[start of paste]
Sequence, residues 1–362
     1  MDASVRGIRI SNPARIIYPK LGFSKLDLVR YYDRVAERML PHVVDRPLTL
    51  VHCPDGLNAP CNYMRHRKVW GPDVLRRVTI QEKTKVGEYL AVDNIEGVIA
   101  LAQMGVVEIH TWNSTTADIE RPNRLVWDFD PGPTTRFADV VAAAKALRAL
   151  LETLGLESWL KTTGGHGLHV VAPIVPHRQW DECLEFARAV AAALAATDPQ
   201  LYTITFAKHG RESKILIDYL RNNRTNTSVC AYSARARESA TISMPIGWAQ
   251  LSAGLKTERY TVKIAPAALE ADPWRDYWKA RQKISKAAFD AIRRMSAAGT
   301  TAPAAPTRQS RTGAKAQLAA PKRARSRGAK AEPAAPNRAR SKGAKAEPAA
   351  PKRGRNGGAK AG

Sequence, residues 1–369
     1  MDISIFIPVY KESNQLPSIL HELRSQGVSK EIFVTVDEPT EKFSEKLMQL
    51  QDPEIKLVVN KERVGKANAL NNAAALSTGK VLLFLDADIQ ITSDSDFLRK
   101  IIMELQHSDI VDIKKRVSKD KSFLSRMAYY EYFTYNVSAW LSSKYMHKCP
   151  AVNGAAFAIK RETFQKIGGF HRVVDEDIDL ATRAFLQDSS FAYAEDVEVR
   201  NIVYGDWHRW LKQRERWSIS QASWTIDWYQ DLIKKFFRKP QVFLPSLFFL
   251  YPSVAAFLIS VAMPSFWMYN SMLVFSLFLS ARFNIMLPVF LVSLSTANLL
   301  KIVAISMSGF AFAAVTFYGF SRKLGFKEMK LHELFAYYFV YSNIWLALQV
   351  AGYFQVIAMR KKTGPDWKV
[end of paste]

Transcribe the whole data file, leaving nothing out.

Sequence, residues 1–362
     1  MDASVRGIRI SNPARIIYPK LGFSKLDLVR YYDRVAERML PHVVDRPLTL
    51  VHCPDGLNAP CNYMRHRKVW GPDVLRRVTI QEKTKVGEYL AVDNIEGVIA
   101  LAQMGVVEIH TWNSTTADIE RPNRLVWDFD PGPTTRFADV VAAAKALRAL
   151  LETLGLESWL KTTGGHGLHV VAPIVPHRQW DECLEFARAV AAALAATDPQ
   201  LYTITFAKHG RESKILIDYL RNNRTNTSVC AYSARARESA TISMPIGWAQ
   251  LSAGLKTERY TVKIAPAALE ADPWRDYWKA RQKISKAAFD AIRRMSAAGT
   301  TAPAAPTRQS RTGAKAQLAA PKRARSRGAK AEPAAPNRAR SKGAKAEPAA
   351  PKRGRNGGAK AG

Sequence, residues 1–369
     1  MDISIFIPVY KESNQLPSIL HELRSQGVSK EIFVTVDEPT EKFSEKLMQL
    51  QDPEIKLVVN KERVGKANAL NNAAALSTGK VLLFLDADIQ ITSDSDFLRK
   101  IIMELQHSDI VDIKKRVSKD KSFLSRMAYY EYFTYNVSAW LSSKYMHKCP
   151  AVNGAAFAIK RETFQKIGGF HRVVDEDIDL ATRAFLQDSS FAYAEDVEVR
   201  NIVYGDWHRW LKQRERWSIS QASWTIDWYQ DLIKKFFRKP QVFLPSLFFL
   251  YPSVAAFLIS VAMPSFWMYN SMLVFSLFLS ARFNIMLPVF LVSLSTANLL
   301  KIVAISMSGF AFAAVTFYGF SRKLGFKEMK LHELFAYYFV YSNIWLALQV
   351  AGYFQVIAMR KKTGPDWKV